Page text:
How long do you wear a Black Ribbon?
It is customary to wear the ribbon all seven days of shiva, except during Shabbat (Sabbath) and festival days. Some people wear it for the first 30 days of mourning (Shloshim).
Today will be the first day I will not be wearing my black ribbon. Jewish tradition includes the placing up a black ribbon on the mourner, and it is ripped as the funeral director has you repeat a pray in memory of the deceased, in this instance, my mother. I wore my pin religious (literally speaking) to keep my mom just one inch closer to my heart. I will miss wearing the button because it was like taking my mother with me wherever I went.
For those of you reading this blog today you may be thinking, it wasn’t the ribbon keeping my mother close; it was my memories and the love in my heart. Although I agree and know that is true, I don’t want those memories to fade or lose that love that is so warming. I’ve already shared I fought so hard to find this connection with my mother, it’s not something I want to lose. This feeling has opened me up to accept other people more freely than I have in the past. I never saw myself as standoffish or a snob, but I now see myself more encompassing and welcoming.
I once heard my brother call my mother a bigot, however, she wasn’t. At times, she may come across as one because she repeated what she heard on the news or within her circle of conversations. On a large scale, my mother loved meeting new people and helping people. My mom volunteered at one of the local hospitals weekly knitting caps for crack babies. But that was not enough for her. She also was a surrogate baby holder. Mom would tenderly hold these babies that were addicted; they were all shapes, sizes, colors, and yet to my mother they were babies needing love. A bigot would not do that. However, within her circles, my mother had a colorful language, and you might want to draw your conclusion unless you knew her.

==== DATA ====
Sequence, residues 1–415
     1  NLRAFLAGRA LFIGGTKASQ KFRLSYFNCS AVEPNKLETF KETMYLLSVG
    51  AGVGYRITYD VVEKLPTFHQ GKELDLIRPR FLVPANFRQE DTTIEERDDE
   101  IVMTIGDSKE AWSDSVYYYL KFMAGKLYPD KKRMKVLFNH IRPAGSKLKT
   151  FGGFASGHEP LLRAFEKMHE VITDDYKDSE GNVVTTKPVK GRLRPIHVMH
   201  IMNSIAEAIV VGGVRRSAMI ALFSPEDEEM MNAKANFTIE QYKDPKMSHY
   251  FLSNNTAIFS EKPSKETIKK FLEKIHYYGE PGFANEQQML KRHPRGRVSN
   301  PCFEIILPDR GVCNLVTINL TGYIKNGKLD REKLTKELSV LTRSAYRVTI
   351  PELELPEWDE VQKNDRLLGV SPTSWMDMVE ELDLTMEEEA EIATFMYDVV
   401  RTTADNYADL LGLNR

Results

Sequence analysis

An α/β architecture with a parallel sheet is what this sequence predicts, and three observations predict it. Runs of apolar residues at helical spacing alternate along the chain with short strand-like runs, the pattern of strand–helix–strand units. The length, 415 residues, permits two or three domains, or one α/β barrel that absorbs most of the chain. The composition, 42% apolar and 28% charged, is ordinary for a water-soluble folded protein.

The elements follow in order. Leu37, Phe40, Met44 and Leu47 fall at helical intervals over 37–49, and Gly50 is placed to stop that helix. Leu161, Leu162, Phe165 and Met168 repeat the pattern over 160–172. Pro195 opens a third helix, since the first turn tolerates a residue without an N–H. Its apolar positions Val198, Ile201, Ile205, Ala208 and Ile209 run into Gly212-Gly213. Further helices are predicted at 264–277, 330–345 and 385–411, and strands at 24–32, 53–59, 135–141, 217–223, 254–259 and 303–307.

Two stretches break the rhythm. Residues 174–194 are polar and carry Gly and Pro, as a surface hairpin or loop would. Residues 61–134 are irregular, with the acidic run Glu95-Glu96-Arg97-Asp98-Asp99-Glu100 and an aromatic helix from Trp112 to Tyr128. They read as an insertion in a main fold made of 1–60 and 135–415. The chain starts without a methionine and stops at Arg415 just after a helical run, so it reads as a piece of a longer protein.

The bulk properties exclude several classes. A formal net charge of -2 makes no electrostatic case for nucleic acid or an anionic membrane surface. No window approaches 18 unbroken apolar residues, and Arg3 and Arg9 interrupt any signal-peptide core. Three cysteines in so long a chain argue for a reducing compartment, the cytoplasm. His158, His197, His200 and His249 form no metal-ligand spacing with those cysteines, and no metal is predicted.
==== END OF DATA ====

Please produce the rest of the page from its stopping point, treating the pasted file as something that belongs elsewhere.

My mother (like many other mothers) only wanted the best for her children, grandchildren, great-grandchildren, and those she held dear, too many to count. D’Vasha did not hold back and if she thought you should or should not do something she was the first and the last person to tell you so. However, she was never upset with you if you chose not to! In fact, if you made a mistake she would say, learn from it, move on. As a seamstress and knitter, she made plenty of mistakes, and she would rip out the stitches and start over again. Even when mom baked, and very few recipes came out poorly if they did she would say, well next time I won’t make the same mistake!
The lessons my mother taught me might not be unique but they are important to keep close, so I too can be the best mom, wife, sister, friend, and person. Today I will not be wearing that black button, but I will be carrying my mother close inside me as I have been carrying my father with me since February 3, 2004. Keeping them close reminds me that love is in the air and IMPOSSIBLE = I’MPOSSIBLE.